Muslims must believe that Cause-and-Effect is a natural law that Allah (swt) set in this universe. The effect will occur only if the cause exists. For example, victory cannot materialize unless its causes exist, such as the army’s firm conviction in its objectives, the shrewdness of the leaders, and the level of preparation and planning. Also, curing a disease has a cause, which is the correct medication. The Prophet (saaw) said, "O servant of Allah! Seek medical treatment since Allah created the disease and the medication."[1]

In one incident, a man came to the Prophet (saaw) asking him to make Du’a to his camel to cure her from a skin disease. The Prophet (saaw) told the man, "Add to your Du’a some tar," indicating that the Du’a by itself will not accomplish the objective. In another incident, the Prophet (saaw) told a man who wanted to unleash his camel while depending on the tawakkul to protect her, "Leash her, and have tawakkul." (Reported by Tirmidhi)

By the same token, reviving the Muslims from their current status quo will occur not by Du’a and ibadah alone but through initiating the change and working towards creating the revival. Allah (swt) says clearly:

لَهُ مُعَقِّبَاتٌ مِنْ بَيْنِ يَدَيْهِ وَمِنْ خَلْفِهِ يَحْفَظُونَهُ مِنْ أَمْرِ اللَّهِ إِنَّ اللَّهَ لَا يُغَيِّرُ مَا بِقَوْمٍ حَتَّى يُغَيِّرُوا مَا بِأَنْفُسِهِمْ وَإِذَا أَرَادَ اللَّهُ بِقَوْمٍ سُوءًا فَلَا مَرَدَّ لَهُ وَمَا لَهُمْ مِنْ دُونِهِ مِنْ وَالٍ

"Allah does not change the situation of any people until they change what is within themselves." [TMQ 13:11]

However, instead of facing their problems and acquiring the correct ways and means in order to reach the solution, Muslims chose the easy route and began depending on the Ghaib, thinking that this is the Iman. Similarly, they began thinking that any other approach constitutes shirk or denying Allah’s Will, although Allah ordered the Muslims in many ayahs to acquire the requirements and the causes to achieve their objectives and mentioned explicitly that He does not change His Law. For example, Allah (swt) mentions regarding the preparation:

وَأَعِدُّوا لَهُمْ مَا اسْتَطَعْتُمْ مِنْ قُوَّةٍ وَمِنْ رِبَاطِ الْخَيْلِ تُرْهِبُونَ بِهِ عَدُوَّ اللَّهِ وَعَدُوَّكُم

"And prepare all you can of power, including steeds of war to alert the enemy of Allah and your enemy..." [TMQ 8:60]

The Prophet (saaw) also instructed the Muslims to acquire these ways and means and said, "Act! Each one will be facilitated towards what he was created for."

Thus, acquiring these requirements and complying with the law of Cause and Effect is not shirk and does not constitute weakness in the Iman. Rather, such an approach manifests the correct tawakul and the correct Iman. And through this approach, the discussion of the course of action for Muslims will be based on the Hukm Shar’i and not the Will or Knowledge of Allah, which is part of the Ghaib.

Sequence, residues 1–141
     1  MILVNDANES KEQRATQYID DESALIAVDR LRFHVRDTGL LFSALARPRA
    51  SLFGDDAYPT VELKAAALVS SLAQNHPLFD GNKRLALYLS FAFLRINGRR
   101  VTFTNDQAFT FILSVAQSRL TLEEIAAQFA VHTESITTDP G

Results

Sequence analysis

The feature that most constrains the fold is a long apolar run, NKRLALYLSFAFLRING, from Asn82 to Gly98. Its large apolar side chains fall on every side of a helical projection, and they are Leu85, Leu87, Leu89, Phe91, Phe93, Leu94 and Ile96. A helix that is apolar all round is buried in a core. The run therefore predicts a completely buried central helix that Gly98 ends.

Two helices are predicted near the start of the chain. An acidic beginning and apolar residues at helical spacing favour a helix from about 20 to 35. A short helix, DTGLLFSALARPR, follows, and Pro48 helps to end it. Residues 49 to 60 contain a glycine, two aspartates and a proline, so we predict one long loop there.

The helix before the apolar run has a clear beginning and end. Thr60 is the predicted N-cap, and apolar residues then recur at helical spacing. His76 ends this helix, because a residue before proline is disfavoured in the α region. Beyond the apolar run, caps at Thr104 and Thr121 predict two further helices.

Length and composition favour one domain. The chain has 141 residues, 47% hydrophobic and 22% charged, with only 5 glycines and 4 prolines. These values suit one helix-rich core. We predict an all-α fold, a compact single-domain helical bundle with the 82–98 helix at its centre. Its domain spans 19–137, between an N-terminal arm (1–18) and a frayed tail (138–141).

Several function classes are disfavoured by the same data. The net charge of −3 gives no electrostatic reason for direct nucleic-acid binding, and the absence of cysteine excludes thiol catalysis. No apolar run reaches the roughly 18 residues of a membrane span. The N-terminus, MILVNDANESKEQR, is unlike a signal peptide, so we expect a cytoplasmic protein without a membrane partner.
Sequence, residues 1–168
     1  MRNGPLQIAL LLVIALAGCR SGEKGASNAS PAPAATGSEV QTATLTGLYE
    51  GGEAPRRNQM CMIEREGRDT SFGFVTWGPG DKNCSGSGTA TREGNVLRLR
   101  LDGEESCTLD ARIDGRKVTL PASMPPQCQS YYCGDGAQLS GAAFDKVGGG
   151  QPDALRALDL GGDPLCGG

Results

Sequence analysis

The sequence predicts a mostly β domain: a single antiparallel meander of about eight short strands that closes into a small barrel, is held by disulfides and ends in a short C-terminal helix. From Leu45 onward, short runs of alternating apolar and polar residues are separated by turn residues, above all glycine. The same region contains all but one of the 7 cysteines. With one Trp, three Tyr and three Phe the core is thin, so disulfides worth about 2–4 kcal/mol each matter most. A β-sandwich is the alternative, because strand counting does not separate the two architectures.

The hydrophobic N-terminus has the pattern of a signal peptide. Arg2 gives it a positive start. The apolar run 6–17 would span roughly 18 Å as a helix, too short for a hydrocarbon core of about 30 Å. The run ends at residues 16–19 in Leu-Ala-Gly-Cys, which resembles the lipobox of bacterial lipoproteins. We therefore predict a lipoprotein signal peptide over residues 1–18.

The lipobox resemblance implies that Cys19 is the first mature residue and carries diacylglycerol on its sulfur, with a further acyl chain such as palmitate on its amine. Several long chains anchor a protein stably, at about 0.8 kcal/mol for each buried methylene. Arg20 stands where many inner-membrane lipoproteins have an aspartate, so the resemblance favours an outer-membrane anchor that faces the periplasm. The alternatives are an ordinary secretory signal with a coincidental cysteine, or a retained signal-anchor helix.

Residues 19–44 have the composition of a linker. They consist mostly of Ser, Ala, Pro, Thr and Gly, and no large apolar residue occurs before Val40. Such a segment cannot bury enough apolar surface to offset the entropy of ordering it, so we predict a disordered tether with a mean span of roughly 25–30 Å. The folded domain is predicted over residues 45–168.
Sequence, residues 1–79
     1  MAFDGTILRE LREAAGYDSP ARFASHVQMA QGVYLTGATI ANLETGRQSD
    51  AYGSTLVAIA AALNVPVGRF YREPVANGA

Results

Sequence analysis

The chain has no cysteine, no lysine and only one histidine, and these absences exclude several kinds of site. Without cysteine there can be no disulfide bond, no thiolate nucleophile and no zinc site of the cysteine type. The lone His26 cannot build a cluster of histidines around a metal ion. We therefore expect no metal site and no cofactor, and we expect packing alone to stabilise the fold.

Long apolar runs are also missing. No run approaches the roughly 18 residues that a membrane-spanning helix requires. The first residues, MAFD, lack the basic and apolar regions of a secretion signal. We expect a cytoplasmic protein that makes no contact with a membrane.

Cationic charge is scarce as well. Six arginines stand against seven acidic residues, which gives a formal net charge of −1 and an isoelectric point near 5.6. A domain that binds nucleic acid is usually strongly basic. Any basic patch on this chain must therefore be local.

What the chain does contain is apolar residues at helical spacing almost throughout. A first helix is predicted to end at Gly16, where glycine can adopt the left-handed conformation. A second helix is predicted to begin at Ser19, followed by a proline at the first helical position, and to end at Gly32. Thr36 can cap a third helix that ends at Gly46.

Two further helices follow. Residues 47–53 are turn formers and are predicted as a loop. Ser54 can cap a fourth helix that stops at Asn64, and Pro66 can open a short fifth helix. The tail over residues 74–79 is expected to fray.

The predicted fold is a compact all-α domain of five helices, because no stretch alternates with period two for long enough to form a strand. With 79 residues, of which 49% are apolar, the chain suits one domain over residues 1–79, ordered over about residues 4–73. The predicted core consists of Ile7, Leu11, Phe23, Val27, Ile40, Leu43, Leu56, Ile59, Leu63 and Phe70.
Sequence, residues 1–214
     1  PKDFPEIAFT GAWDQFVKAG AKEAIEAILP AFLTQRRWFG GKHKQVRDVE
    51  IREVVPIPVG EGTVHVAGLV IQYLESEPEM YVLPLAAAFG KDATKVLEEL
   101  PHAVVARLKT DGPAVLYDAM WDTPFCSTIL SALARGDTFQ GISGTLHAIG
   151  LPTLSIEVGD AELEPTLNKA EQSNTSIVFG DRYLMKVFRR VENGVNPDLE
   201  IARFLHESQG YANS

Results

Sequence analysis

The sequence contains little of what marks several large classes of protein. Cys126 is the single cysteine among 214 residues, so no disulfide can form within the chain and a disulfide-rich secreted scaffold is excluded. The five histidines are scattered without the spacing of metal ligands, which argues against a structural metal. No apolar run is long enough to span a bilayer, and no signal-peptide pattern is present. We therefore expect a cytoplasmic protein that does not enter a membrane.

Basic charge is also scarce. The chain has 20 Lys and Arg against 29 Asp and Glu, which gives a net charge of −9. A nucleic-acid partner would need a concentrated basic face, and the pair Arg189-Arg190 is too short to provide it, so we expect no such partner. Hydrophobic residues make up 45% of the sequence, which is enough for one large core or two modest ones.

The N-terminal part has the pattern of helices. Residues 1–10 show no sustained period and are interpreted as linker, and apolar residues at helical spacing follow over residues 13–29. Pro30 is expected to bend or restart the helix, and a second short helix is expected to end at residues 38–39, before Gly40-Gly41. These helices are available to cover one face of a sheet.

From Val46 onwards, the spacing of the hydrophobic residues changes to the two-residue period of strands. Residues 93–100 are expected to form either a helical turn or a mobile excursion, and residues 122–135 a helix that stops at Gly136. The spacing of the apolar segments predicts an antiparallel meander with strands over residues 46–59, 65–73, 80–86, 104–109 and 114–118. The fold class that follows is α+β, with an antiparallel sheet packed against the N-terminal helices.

This type of thinking also manifests itself in believing that some individuals, either in their life or after their death, possess some supernatural powers that can reach the level of curing people or bringing good luck. All of these concepts are non-Islamic and constitute shirk. By believing in individuals with such capabilities, Muslims do not differ from those who sanctify individuals to the level of Godhood.

[1] Related by Abu Dawood, At-Tirmidhi, Ibn Majah, Al-Bukhari in Al-Adab Al Mufrad, Ahmed and others.

Hasan Abdullah

To be continued...

2 comments:

trisha said...

salam, i want to know the difference between deep thinking and enlightened thinking? plz dont refer any book . i want the specific answer.

Islamic Revival said...

The way man approaches thought differs, thought can be relatively superficial, deep, or enlightened. The superficial thinker tends to judge based upon a brief look and makes decisions without understanding. Deep thought, on the other hand, examines the reality in great detail; once it is understood it is then judged. Through enlightened thought man not only understands the reality, but also all that relates to it, and only then does he judge it. So the person that buys the first colourful table that appeals to his sense of fashion is thinking superficially, whereas the man that studies the type of wood, veneer and construction of the table thinks deeply. It is only the man that takes into account these factors and his use of the table, the size of room it will fit, and his budget that uses enlightened thought.